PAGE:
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There's much to be thankful for around here, 'tis true. Having lived in drier and more stoic towns, we're grateful that there's always somewhere fun to go and something fun to do.

For example, the list of new places opening up and/or getting renovated keeps getting longer. Fred's Speakeasy recently reopened after a serious remodel, much to the happiness of regulars who'd been scattered during its close. Here's a report from one Fred's lover on the new place (still located below Fiore's on College Street). "It is not dive-y, at all. They've even changed their name from Fred's Speakeasy to Fred's Courtyard Grill and Pub. The renovations include a newly tiled floor, a new ceiling (you can no longer see the vents and wires and whatnot) with ceiling fans, a new flat screen TV and wall paneling. So, well, it feels like you are drinking in someone's finished, bar-themed basement. Or an airport lounge, I couldn't decide. Needless to say, it didn't have the same feeling as before, as it was almost, maybe … too sterile? Fortunately, though, it still features the same faces, and that's a great thing. The people made it anyway. But if I may suggest one addition, it would be to add an old jukebox. The ability to choose is way more fun than XM."

Along with Fred's, there's the new, cosmopolitan Sazerac (on Broadway, run by former Orange Peel managers Jack and Lesley Groetsch ), the friendly Craggie Brewing (the Battery Hill Bitter is terrific; the owners are great community supporters), the revamped Old Fairview Southern Kitchen (formerly Razcal's, and featuring live music and comedy nightly), Funny Business Comedy Club below the S&W Building, The Blackbird in Black Mountain, the upcoming Lexington Avenue Brewery (can't wait), and the Orange Peel's yet-to-be-named downstairs club (coming soon).

Another thing to be thankful for? That colorful characters like bandleader Russ Wilson put together evenings like Russ Wilson's Art Deco Revue, a swinging event featuring big band jazz, designed to recreate an evening in a 1920s nightclub. Just the thing to dance off some of those Thanksgiving calories. We couldn't tell you about it better than Wilson himself, who's packed a monster lineup into the gala evening:

"With a cast of thousands, in Technicolor and Panavision, all dancing, all singing. Here's the star roster for your approval: Music for the entire evening by Spats Mahoney and his Spitshine Boys (and Spats may actually show up); our society chanteuse, the lovely and talented Carol Duermit; our silly songstress, the lovely and talented Wendy Loomis; those lovely, leggy dancing girls The Tacky Annies; and the fabulous swing dance troupe the Swing Asheville Lindy Hoppers.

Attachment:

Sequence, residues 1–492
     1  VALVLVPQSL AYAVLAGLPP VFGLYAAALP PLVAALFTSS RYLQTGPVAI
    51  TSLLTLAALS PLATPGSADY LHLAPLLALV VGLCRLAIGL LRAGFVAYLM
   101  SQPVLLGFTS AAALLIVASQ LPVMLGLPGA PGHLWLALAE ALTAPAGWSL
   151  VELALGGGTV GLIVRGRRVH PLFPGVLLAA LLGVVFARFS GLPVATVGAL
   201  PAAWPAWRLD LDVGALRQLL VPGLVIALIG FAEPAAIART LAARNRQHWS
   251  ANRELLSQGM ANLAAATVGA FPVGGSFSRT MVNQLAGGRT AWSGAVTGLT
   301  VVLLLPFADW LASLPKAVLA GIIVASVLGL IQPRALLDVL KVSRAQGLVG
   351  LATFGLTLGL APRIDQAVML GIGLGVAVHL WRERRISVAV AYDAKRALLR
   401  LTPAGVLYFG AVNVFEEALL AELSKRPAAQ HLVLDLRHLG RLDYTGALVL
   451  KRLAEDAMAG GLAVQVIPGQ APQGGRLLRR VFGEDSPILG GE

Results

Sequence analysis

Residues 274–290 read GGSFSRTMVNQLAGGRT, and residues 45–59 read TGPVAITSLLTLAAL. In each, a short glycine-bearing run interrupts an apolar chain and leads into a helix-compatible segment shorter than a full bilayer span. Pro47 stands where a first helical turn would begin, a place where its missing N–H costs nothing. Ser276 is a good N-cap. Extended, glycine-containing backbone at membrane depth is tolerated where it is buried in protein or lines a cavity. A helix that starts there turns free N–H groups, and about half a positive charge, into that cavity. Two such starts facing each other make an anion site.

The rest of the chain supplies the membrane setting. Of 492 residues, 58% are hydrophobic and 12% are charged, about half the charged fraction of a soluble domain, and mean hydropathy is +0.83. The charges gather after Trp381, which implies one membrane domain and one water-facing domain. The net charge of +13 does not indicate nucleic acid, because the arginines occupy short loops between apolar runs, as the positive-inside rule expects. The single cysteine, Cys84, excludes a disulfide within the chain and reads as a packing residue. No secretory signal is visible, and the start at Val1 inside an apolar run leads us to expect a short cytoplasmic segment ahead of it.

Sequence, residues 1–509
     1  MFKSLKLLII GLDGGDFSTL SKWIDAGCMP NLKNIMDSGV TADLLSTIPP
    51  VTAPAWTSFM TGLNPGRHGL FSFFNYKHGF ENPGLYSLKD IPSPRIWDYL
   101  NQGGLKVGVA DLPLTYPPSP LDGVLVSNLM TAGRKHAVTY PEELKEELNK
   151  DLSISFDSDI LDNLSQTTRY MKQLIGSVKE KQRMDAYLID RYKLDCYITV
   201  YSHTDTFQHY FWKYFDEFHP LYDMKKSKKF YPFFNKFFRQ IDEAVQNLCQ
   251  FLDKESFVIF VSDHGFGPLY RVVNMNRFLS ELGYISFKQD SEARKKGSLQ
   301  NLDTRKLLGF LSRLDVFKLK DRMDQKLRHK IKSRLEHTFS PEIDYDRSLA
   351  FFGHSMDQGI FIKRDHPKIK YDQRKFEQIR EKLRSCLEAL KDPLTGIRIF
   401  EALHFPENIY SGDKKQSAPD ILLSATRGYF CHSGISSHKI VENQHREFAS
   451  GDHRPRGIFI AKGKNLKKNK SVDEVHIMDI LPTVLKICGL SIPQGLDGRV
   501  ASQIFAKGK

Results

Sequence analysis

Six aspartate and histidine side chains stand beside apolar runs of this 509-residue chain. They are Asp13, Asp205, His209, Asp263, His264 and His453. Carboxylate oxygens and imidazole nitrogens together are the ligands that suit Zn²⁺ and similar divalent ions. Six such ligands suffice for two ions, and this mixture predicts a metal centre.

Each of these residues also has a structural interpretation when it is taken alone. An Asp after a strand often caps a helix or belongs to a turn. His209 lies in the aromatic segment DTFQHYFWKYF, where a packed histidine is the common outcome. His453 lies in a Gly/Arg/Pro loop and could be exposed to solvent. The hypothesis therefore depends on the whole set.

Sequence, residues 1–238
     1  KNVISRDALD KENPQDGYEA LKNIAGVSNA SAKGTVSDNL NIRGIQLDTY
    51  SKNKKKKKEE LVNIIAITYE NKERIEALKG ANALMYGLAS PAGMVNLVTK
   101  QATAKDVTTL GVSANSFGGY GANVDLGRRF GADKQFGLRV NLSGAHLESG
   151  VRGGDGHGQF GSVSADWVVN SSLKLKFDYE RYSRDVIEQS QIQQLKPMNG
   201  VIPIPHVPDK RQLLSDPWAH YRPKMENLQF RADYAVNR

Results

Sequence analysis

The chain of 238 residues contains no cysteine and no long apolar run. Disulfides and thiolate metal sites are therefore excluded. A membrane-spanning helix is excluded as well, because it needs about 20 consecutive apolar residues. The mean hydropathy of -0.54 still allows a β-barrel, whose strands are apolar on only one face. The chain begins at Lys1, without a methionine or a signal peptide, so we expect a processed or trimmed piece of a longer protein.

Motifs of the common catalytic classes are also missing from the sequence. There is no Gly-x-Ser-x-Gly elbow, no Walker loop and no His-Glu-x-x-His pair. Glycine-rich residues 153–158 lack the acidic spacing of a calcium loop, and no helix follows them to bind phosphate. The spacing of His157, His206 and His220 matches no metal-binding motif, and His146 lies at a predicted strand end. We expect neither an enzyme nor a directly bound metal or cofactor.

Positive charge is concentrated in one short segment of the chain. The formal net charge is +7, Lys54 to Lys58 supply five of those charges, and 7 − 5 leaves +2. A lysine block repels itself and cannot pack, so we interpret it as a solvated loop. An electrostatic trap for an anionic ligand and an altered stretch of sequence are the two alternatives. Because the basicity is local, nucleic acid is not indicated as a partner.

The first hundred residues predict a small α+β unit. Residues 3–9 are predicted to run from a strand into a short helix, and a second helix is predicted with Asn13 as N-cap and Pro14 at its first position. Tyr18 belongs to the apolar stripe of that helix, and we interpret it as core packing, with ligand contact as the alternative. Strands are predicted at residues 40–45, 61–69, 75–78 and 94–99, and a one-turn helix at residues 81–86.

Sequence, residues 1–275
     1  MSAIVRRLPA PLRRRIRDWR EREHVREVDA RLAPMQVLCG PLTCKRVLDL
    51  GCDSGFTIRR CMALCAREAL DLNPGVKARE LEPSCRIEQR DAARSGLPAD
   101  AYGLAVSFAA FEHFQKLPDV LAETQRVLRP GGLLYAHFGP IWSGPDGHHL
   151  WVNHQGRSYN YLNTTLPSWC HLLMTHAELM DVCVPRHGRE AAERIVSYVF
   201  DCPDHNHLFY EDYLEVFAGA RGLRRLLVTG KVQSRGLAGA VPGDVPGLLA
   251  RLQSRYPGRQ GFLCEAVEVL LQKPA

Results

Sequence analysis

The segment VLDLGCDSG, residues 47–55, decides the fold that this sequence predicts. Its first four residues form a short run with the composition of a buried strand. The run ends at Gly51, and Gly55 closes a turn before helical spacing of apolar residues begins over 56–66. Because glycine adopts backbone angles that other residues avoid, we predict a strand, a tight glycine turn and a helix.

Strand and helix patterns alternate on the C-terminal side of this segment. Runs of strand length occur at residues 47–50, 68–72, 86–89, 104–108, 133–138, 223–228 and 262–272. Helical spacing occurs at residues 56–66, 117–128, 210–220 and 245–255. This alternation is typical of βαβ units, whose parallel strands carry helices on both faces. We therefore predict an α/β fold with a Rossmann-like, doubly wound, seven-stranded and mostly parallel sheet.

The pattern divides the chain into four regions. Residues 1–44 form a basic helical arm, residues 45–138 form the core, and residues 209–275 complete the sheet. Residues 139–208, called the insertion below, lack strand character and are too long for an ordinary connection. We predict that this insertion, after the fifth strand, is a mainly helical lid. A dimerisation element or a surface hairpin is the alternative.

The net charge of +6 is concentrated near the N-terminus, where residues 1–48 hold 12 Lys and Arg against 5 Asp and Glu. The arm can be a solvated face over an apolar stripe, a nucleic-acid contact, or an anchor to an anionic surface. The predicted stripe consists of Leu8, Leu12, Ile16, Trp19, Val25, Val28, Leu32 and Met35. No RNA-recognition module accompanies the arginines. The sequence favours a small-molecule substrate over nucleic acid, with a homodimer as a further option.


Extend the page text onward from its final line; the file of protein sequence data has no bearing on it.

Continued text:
"Bringing a touch of exotica to the evening will be the Hawaiian group Kon Tiki. For something completely different, we bring you the fabulous, gorgeous, magnificent, tremendously talented Miss Cookie La Rue, and of course your dashing, debonair, immaculately dress Master of Ceremonies for the evening, Me.

"Vintage dress encouraged. If vintage is not your thing, formal dress or business attire is acceptable. If you are not dressed accordingly, lovely Virginia, our gorgeous door girl, will throw you out. Watch out, she's been lifting weights." The Art Deco Revue is 8 p.m. Saturday, Nov. 28 at Eleven on Grove. $15.

We also love that people who don't even live in town still support live music here. Thank you, Bob Rest, for the brand spankin' new declineradio.com, a Web site dedicated to independent WNC bands past and present. Rest is best-known for co-producing the Decline of Western North Carolina compilations of the late '90s, which he revived in a series of shows over Bele Chere weekend (they were packed, and rawked).

Rest has preserved some important relics from the days when Lexington Avenue and the rest of downtown was still curious and a little sinister, with a different sort of nervy charm. He's still got loads of tapes, DATs, mini-VCR tapes and 7" records. So far, in a feat of technological savvy, he's transferred 109 songs to the Web site, with plans for many more — including current bands.

As a promoter (he and Milton Carter created the Decline empire) Rest helped build parts of that late '90s music scene, and damned if we're not gonna remember it. Along with the music itself, he boasts an archive of posters, flyers, zines and T-shirts. He's put some of that on the site, too. Come celebrate the further Decline of WNC at a Saturday, Nov. 28 show at Stella Blue. Rest's new punk-rock band Everything Falls Apart will play with Hoss (featuring former members of Tripod) and Glaze. For the low price of $5. 

"As long as there is an internet, Decline will never die," Rest promises.

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